Serving Arizona State University Online Since 1995  Current Issue: Thursday, January 26, 2006





Healthy: Total Detox

After the holidays and the first weeks back at school, it's time to slow down

 by Ljiljana Ciric
 published on Thursday, January 26, 2006

<em>Photo courtesy of KRT Wire</em>/issues/arts/695406
Photo courtesy of KRT Wire


It's 7 a.m. and the alarm clock is blaring in Gordana Stojanovic's ear. Groggily, the electrical engineering graduate student drags her body out of bed and gets ready for class. She's a full time teaching assistant this semester and has a big day ahead of her. She prepares her breakfast -- cereal and green tea. Pretty healthy compared to the breakfasts of most college students, but Stojanovic says she started endorsing a clean lifestyle after the new year started. She says the mass amounts of heavy food, soda and sweets, combined with a lack of exercise left her feeling weak and exhausted after the holidays -- two things she doesn't have time to be.

"After all that eating of delicious, but heavy food, I started the detoxification of my body," she says.

Stojanovic fashioned her own detox regimen. She didn't eat meat and fried food for a week. Instead, she ate fruit, salad with light dressings, cooked vegetables and toasted multi-grain bread. She says she drank plenty of water and herbal teas. She says it was hard to eat so healthy at first, but she found ways to make the detox more bearable.

"It's good to add some lemon juice [to the teas], just for better flavor," she says.

According to Deanne Wilson, a registered dietitian at Campus Health, there are plenty of simple things students can do to get out of their sluggish post-holiday slump.

"Staying hydrated helps to increase energy and helps the body get rid of toxins and regulate temperature," says Wilson.

In terms of food, Wilson suggests eating consistently during the day and having a small snack such as fruit and cheese, fruit and nuts, or a granola bar and yogurt between each meal.

"This helps to increase energy, decrease vulnerability to overeat at any given meal and helps increase concentration," she says.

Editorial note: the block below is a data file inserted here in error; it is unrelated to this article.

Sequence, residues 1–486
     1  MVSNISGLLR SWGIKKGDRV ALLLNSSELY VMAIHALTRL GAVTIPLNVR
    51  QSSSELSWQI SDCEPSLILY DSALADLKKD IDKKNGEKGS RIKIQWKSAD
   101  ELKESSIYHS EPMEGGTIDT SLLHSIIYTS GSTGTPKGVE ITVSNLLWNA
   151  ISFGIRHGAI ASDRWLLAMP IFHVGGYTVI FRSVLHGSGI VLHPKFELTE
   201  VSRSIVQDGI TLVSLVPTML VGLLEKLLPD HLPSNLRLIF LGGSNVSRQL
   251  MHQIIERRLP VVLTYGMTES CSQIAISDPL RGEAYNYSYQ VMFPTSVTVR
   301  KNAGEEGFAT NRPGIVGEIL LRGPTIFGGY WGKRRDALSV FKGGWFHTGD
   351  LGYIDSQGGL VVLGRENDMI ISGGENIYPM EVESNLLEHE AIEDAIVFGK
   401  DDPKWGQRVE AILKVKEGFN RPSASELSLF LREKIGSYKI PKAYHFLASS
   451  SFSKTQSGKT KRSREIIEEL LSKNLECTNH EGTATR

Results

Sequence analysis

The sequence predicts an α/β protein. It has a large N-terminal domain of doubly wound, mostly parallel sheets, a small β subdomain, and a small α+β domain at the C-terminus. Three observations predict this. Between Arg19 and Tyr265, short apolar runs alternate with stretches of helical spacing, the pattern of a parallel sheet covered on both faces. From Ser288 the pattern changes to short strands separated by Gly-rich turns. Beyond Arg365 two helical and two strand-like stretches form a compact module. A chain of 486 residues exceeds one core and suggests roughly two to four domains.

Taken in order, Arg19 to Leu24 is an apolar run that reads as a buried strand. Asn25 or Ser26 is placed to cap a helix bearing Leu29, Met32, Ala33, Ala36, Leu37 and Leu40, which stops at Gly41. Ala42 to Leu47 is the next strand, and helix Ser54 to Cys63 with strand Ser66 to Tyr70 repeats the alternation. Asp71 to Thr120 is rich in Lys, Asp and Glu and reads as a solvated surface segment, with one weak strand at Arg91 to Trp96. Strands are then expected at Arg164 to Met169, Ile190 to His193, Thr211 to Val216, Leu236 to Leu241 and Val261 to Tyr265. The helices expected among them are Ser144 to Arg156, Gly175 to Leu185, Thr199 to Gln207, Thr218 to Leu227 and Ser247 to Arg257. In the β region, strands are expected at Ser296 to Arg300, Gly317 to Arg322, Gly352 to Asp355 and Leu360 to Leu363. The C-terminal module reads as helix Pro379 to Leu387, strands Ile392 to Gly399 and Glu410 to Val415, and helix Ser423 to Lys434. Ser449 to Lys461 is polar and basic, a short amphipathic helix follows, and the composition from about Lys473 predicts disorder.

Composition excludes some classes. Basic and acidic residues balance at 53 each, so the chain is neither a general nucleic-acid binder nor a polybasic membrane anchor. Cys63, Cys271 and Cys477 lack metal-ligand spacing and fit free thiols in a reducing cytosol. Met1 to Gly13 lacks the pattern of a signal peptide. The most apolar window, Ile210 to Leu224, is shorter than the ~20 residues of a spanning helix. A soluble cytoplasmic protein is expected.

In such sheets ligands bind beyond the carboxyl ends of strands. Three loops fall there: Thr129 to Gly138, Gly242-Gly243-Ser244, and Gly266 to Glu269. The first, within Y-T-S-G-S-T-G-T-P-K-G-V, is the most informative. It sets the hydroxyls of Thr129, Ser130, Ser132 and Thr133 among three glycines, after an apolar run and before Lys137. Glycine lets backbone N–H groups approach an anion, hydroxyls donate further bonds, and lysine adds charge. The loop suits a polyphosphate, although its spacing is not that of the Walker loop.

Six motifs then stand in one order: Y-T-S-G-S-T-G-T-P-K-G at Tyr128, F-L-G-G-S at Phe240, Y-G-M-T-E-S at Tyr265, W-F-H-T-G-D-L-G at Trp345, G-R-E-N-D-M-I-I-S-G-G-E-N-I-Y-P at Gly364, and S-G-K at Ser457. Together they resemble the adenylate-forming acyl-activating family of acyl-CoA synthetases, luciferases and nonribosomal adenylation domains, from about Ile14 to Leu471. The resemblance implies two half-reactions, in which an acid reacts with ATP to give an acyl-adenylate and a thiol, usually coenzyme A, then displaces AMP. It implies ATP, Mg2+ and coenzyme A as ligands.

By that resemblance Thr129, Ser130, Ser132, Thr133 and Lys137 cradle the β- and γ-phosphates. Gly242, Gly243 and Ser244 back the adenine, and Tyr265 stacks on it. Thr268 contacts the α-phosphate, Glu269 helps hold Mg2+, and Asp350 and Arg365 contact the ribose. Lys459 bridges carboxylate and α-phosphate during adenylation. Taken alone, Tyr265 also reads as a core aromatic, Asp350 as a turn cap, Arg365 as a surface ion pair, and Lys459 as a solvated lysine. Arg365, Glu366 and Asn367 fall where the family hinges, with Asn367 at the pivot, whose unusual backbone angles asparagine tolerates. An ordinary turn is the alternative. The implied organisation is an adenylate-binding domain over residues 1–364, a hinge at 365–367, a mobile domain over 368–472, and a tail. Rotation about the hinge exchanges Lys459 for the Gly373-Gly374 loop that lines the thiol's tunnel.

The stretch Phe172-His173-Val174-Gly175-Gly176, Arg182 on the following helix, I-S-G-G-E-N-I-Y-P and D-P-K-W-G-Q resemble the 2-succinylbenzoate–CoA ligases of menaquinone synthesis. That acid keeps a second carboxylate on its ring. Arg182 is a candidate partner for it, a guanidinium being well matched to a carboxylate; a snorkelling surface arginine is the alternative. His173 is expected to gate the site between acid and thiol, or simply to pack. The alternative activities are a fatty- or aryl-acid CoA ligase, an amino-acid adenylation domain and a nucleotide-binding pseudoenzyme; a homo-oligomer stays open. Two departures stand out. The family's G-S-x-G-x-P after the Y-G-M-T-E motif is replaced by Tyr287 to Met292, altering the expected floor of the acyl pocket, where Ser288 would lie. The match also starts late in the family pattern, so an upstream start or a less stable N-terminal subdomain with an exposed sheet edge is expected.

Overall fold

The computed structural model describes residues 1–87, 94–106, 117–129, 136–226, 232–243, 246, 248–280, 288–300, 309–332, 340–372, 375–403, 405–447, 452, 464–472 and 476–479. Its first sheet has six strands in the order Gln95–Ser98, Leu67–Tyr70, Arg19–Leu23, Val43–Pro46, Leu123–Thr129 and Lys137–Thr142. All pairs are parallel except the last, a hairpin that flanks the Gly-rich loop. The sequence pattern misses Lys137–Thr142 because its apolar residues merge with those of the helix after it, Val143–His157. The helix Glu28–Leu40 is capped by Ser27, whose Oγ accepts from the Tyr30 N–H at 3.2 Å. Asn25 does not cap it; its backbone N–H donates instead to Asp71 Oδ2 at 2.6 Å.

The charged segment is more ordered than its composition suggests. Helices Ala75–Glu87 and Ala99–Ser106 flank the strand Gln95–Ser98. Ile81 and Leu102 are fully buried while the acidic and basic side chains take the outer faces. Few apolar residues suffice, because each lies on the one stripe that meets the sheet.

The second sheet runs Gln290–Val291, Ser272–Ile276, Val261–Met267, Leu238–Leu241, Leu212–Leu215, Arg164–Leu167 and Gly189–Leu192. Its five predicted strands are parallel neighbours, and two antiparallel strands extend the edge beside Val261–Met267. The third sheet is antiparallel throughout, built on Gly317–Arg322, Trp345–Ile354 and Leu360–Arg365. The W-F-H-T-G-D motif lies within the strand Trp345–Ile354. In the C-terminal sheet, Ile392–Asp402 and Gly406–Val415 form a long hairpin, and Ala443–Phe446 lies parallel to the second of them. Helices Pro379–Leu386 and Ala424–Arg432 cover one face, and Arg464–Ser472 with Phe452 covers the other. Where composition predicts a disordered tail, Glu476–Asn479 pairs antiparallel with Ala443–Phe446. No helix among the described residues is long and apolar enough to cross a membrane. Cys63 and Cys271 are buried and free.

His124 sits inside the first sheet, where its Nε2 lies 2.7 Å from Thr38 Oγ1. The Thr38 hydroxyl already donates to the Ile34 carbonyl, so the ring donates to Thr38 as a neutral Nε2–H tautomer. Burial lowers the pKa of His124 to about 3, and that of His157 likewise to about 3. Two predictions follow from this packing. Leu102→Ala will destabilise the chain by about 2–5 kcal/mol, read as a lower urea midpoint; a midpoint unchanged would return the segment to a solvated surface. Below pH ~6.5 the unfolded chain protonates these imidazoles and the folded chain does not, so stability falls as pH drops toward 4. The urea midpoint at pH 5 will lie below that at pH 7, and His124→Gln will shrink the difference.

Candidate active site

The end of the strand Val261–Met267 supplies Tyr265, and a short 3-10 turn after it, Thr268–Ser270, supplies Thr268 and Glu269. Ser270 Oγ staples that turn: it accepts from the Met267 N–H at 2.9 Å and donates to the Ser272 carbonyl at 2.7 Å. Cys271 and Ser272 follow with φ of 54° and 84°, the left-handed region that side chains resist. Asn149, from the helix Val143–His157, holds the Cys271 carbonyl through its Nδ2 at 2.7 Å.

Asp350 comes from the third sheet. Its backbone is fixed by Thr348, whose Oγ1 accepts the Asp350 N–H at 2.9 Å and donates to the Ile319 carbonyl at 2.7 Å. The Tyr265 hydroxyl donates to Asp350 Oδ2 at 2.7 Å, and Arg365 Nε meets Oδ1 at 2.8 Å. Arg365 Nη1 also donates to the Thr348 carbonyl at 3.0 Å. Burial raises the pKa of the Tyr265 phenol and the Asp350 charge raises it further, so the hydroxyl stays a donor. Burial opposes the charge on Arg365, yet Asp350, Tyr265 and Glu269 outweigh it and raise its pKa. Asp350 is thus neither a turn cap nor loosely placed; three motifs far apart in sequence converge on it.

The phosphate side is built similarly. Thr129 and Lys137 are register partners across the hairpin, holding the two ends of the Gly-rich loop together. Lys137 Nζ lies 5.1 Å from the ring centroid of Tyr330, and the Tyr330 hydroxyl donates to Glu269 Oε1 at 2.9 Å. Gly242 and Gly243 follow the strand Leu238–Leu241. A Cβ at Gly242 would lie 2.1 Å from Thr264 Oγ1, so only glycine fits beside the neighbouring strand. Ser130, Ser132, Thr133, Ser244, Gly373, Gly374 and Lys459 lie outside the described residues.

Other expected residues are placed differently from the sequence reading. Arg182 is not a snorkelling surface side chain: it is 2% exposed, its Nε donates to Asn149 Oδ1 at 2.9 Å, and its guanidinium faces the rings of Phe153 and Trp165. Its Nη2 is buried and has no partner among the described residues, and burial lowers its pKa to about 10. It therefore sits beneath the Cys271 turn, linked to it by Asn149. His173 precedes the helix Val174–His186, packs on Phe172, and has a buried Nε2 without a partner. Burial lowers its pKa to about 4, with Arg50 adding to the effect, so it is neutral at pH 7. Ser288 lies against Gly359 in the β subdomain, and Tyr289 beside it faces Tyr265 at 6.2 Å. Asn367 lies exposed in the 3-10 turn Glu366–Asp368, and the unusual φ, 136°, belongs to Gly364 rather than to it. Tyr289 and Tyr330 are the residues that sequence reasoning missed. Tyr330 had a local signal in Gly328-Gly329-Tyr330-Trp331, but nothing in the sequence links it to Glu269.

In addition to minding the food she put into her body, Stojanovic says she started taking better care of her outer appearance too. At the end of a long day, she says she relaxes with a long shower to help her sleep better. She runs the water very hot for a couple of minutes to warm up her muscles, and then runs cold water for 30 seconds.

"It seems very weird at first, but it works," she says. "After that, you sleep like a baby."

Adin Armey on the other hand, has more than heavy food to recover from. The political science freshman says he's in need of a technology detox after spending almost 40 hours a week on the computer during the winter break.

"Typically I hurt because of lack of movement during the day due to me being on a computer at work and at home," says Armey.

To start his computer detox, Armey decided to stay away from his "main vice" for a day.

Instead of using his computer, Adin went for a hike on Camelback Mountain for a couple of hours with his friends. Once at home, it wasn't easy for him not to glance at his computer and the messenger that was constantly popping up with friends requesting him to chat. As a substitute, he chose a book and found himself falling asleep at 11 p.m.

Adin was so happy with the way he felt the next day that he's decided to give his body a computer detox whenever he can.

"I noticed that it helped in a variety of ways, primarily how I felt each morning physically," he says. "My eyes weren't so heavy and I wasn't bogged down in the morning."

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